A. I was learning chitas and Rambam with my father over skype, and he studies from Chayenu. I noticed that the version that he is studying from seems to have a great English explanation, and seems to be laid out very well. I would have happily subscribed to Chayenu but unfortunately, because of the local turmoil, there is no reliable way of having Chayenu sent here.
I asked him if he can arrange for me to receive the press version so that I can print it here for my own personal use. My father got in touch with someone from Chayenu. Chayenu reached out to the participating publishers; Feldheim, Kehot, Sichos in English and Moznaim and they received unique, limited permission to share a locked version of Chayenu with me for my personal use- just so that I don’t stop this important daily study cycle of Chitas & Rambam.
I am very grateful to Chayenu for sharing this phenomenal publication.
Q. What do you think the future will be for the Jews of Crimea?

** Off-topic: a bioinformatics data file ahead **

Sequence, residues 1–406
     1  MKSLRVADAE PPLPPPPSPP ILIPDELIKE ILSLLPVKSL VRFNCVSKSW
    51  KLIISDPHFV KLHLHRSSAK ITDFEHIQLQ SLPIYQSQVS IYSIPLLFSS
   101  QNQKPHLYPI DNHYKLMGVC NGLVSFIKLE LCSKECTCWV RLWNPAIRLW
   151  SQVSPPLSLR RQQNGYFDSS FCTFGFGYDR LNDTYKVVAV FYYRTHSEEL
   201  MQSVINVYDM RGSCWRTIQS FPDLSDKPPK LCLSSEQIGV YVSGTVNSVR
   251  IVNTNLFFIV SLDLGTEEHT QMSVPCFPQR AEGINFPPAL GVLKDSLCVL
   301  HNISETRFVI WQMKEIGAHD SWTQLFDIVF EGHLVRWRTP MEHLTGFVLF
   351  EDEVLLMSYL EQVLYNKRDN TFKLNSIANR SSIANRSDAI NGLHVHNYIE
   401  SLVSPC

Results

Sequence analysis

A. I am Boruch Hashem seeing a revival of the Jewish community, such as I did not expect. First of all, more people have been coming to shul recently. As I alluded to earlier, in the coming months there will be a kosher restaurant and a kosher store opening, G-d willing. A couple of months ago, there were only two people purchasing kosher meat, and now there are ten, with more inquiring. In addition, we are working on opening a department of kashrut here which will answer kashrut questions for the community, and will arrange for the kashering of local factories and kosher supervision. I have seen people showing interest in supporting the community activities (still quite a ways from dependence on local baalei habatim – but we are on the way). There is interest in finally assisting us in the building of our Jewish community center (although doubtful that they can foot the whole cost). There is much interest in re-opening the school (this will take some serious work. as the building has become damaged). I arranged for some of the young adults who have gone through our school to meet a couple of times so far, and we are working on making this a weekly meet, to which we will add other youth who are starting to show interest. We are working on many projects, and are very optimistic that the community here will grow in leaps and bounds. All the same, we, just like our Jewish brethren everywhere, yearn for Moshiach, and hope to move the Crimea to Israel here and now in our times, b’korov mamash!